• Wednesday, April 24, 2024
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Port users back Reps on e-invoicing creating hurdles for businesses

Port users back Reps on e-invoicing creating hurdles for businesses

Port users have supported the argument made by the House of Representatives that the Central Bank of Nigeria’s (CBN) proposed electronic invoicing for the opening of Form M for cargo importation will create delays in cargo clearance.

To them, processing of e-invoicing will reduce the volume of goods imported into the country in the next six months due to the delay the process would likely create.

They say it will also work against the Ease of Doing business at the port by delaying and elongating the number of days needed for processing Form A for exporting goods from Nigeria.

Tony Anakebe, managing director of Gold-Link Investment Ltd, who described the e-invoicing as another way of validating Form M, said it will affect the volume of goods coming into the country.

Anakebe said that the appointment of offshore dealer banks to validate the invoices before sending an electronic copy to the CBN would impose extra costs on importers.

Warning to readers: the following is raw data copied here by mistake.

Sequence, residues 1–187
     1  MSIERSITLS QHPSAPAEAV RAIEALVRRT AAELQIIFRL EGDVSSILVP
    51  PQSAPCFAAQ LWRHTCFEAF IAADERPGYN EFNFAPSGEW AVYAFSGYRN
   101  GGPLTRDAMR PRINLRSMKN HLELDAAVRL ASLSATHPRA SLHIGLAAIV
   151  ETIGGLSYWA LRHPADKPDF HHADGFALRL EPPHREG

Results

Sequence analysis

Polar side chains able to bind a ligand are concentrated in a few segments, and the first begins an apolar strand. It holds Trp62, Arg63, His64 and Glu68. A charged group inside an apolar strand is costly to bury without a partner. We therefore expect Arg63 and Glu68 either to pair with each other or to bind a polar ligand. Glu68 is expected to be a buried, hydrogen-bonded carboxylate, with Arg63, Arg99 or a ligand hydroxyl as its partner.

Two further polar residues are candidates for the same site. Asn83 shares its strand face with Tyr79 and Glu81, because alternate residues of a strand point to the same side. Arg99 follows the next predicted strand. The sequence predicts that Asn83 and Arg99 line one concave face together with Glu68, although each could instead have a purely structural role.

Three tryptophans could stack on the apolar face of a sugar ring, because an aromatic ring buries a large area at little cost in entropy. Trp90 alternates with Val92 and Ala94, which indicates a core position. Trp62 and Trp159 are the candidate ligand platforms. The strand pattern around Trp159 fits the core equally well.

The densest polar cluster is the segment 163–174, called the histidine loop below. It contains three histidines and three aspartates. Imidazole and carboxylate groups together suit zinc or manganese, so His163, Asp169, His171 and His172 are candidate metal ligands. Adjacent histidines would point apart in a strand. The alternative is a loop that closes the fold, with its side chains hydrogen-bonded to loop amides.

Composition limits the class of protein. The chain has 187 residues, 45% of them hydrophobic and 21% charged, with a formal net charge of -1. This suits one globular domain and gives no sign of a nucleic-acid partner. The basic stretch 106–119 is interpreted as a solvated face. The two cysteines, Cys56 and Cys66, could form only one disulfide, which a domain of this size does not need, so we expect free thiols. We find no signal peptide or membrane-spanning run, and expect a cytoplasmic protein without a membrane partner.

“The CBN has appointed some offshore banks that will now regulate or validate the invoices that would be sent by importers to CBN for the opening of Form M. Those offshore banks would definitely demand a percentage of charges that would be collected to cover for the services rendered. In terms of volume of import, it will take at least six months for importers to overcome the teething challenges that would come with the introduction of the proposed e-invoicing,” he explained.

Read also: Buhari promises to revive under-utilized ports in South-south

Continuing, he said: “This will impose additional cost and it will not help manufacturers as well as importers. For instance, companies pay taxes, Value Added Tax (VAT), withholding tax, other charges at the time, which amounts to double taxation and discourages businesses from investing in the country.

Anakebe suggested that automation of port processes that would create a one-stop-shop for cargo clearance should be encouraged in Nigerian ports.

“We understand that the CBN wants to get the actual value of every goods that come into Nigeria but we are seeing a situation where importers would be made to pay a higher duty, which will go back to the economy by inflicting more cost and hardship on Nigerians.”

Government, he said, needs to open up the economy for investors and businesses to compete, this will bring down the prices of goods in the country vis-à-vis inflation rather than creating opportunities for few.

On her part, Chinyere Almona, the director-general of the Lagos Chamber of Commerce and Industry (LCCI), who commended the move, said the development requires a pilot phase to help identify potential challenges and deal with same before the commencement date.

According to her, the Feb. 1 commencement date is insufficient for proper transitioning.

“There should be sufficient transparency and governance around the CBN-appointed agents and authorised dealer-banks to ensure adequate independence and supervision,” she said.